Making your own DIY Face Mask at home? Following World Health Organisation suggestions for homemade mask fabrications, we’ve picked out a few densely woven 100% cotton, linen, and cotton blend fabrics for making up four popular mask styles.
We strongly urge you to check your local governments guidelines for homemade masks, as the style and fabrication requirements can vary in different parts of the world. Face masks made at home are typically suitable for personal use only and are not medical grade.
Please also remember that a mask is just one tool amongst many that should be used against COVID-19, such as regular hand washing and social distancing, in order to keep yourself safe.
Lisa wears the shaped mask pattern from Lanaco using a HELIX.iso filter and nose bridge in our Vintage Finish Linen - Shell!
Mask Style — Free shaped mask with HELIX.iso Filter via Lanaco
This shaped mask features a drop-in HELIX.iso filter, which are non-woven wool filters designed especially for face masks, made by New Zealand air filtration company Lanaco. When correctly fitted, a mask with a HELIX.iso™ filter inserted provides excellent protection and breathability.
The mask pattern we used is a free downloadable pattern based on an HK Mask and is available here, with downloadable instructions here. This mask style uses two layers of Vintage Finish Linen in Shell, elastic and a nose wire. Don't forget to measure your elastic out before cutting it too, the pattern instructions for this masks elastic length were a little tight for Lisa.
If you'd like to make this mask, over on the Online Store you can purchase packs of 7 of white HELIX.iso filters. They will fit in most cloth masks designed to accommodate a replaceable filter and can be cut to size.
Jack wears the shaped mask pattern from Yonopo in Black Cotton Spot Shirting
Mask Style — Free shaped face mask pattern by Yonopo
Another shaped face mask pattern, this time by our dear friend Yoko of @yonopo over on Instagram! This pattern calls for two layers and we used our Cotton Spot Shirting in Black with Spotted Stripe Cotton for the lining. We also chose to use our Black Linen Bias Binding for the straps, rather than elastic.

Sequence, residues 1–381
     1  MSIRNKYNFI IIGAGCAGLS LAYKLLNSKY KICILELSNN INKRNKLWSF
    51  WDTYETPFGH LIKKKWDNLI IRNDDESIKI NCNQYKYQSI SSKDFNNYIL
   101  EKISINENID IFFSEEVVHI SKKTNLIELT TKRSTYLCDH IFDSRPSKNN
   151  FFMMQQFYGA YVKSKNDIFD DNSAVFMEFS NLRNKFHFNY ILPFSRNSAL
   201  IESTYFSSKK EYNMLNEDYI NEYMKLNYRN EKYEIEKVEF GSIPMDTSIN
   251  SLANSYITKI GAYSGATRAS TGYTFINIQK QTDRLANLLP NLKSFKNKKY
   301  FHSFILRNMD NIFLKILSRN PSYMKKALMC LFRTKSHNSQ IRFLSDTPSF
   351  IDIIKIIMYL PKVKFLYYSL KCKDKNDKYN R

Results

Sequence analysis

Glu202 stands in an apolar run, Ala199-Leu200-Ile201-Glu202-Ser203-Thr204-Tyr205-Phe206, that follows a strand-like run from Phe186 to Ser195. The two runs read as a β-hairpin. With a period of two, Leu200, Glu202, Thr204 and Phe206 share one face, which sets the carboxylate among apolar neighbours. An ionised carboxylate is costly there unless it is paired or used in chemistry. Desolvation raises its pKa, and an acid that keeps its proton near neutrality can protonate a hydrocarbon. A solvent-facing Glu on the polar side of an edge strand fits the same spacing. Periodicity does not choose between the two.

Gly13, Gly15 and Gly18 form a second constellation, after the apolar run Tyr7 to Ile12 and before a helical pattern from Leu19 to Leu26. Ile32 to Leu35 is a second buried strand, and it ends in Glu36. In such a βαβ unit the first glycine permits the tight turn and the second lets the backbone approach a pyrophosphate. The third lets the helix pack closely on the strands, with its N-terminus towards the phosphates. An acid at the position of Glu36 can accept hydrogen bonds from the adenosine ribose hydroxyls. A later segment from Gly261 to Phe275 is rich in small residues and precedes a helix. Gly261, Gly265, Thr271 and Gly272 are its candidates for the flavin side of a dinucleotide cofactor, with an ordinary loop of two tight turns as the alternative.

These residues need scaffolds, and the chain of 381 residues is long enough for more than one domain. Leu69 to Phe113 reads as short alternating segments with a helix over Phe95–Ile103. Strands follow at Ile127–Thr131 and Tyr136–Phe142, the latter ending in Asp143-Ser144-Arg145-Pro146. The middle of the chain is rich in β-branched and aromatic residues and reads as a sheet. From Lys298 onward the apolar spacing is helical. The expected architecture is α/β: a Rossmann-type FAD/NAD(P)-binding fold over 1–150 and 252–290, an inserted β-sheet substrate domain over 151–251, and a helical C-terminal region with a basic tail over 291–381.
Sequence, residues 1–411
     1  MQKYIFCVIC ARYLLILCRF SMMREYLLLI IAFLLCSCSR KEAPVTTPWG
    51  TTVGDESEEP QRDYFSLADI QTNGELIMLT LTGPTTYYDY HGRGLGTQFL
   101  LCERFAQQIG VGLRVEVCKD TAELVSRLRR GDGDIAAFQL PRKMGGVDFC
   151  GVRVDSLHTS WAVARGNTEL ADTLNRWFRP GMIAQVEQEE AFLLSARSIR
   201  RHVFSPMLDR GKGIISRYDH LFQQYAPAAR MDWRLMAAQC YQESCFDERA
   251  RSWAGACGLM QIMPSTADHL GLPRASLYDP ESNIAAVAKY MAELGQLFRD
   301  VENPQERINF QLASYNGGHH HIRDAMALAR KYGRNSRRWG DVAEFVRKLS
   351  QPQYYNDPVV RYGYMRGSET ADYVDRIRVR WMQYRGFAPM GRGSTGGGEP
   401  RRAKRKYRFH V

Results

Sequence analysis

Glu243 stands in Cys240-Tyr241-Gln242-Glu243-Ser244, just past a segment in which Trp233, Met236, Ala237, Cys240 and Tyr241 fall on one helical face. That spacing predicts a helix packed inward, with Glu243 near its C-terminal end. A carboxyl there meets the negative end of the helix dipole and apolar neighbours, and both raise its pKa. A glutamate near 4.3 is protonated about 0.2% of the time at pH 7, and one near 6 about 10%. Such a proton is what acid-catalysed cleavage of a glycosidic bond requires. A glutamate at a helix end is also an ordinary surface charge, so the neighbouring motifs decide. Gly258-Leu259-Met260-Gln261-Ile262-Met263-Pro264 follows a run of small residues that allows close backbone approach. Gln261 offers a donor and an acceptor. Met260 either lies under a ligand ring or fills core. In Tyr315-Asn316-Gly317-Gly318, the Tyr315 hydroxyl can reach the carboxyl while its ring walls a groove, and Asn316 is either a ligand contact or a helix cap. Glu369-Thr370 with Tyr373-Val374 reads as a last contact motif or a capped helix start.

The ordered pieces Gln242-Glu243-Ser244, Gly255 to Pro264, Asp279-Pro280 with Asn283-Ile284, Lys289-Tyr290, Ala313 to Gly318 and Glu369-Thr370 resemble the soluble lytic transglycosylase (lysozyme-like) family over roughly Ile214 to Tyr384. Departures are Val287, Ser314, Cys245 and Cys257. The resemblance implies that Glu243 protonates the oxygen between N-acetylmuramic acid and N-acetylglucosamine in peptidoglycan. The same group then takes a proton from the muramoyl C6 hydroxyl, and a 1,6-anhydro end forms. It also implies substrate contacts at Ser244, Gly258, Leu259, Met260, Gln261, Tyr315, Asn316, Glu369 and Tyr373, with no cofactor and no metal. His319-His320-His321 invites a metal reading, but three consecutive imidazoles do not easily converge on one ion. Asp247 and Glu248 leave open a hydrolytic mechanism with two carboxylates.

If you find elastic a little uncomfortable around your ears, bias binding works really well and you simply tie the straps up at the back of your head. We have a range of bias binding colours available in stores and online here here, in a bunch of our exclusive linen colours and Liberty prints!
Lucy wears pleated mask pattern from The Spruce using Liberty Tana Lawn in Pepper X
Mask Style — Pleated face mask with ties tutorial via The Spruce
This flat pleated face mask with ties is so easy to sew! We used beautiful Liberty Tana Lawn in Pepper X with matching straight cut binding for the straps. Follow the tutorial available on The Spruce website here and pick out your fabrics and bias binding (if you don't want to make your own) for the ties in our Mask Making category online here. Our retail stores have lots of cotton and binding options available too!
Kate wears the gathered face mask pattern from Collective Gen using Liberty Tana Lawn - Karter C
Mask Style — Gathered face mask tutorial via Collective Gen
This is another super easy sew that you can complete in under ten minutes! It's similar to The Spruce's version, but with gathered sides instead of pleats. We used popular Liberty Tana Lawn print Karter C as well as some of our 3mm Braided White Elastic. Follow Geneva's tutorial here - when we first made ours up it was way too big for Kate and travelled under her chin too far, so we trimmed about 7cm from the depth. We also used elastic for ours and secured the corners of the fabric to the elastic with a couple of stitches, to stop it from loosening when worn. You could also make this mask style up using bias binding straps!
Happy mask making friends! Share your masks with us over on @wearethefabricstore using #thefabricstore x
Stay safe and take good care!